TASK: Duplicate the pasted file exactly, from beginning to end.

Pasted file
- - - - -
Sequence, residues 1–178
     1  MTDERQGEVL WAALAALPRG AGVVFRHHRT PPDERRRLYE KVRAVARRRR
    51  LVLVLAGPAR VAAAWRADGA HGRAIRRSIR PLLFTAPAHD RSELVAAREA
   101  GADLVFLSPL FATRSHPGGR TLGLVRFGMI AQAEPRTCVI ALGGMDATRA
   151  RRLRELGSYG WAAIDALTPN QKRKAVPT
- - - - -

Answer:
Sequence, residues 1–178
     1  MTDERQGEVL WAALAALPRG AGVVFRHHRT PPDERRRLYE KVRAVARRRR
    51  LVLVLAGPAR VAAAWRADGA HGRAIRRSIR PLLFTAPAHD RSELVAAREA
   101  GADLVFLSPL FATRSHPGGR TLGLVRFGMI AQAEPRTCVI ALGGMDATRA
   151  RRLRELGSYG WAAIDALTPN QKRKAVPT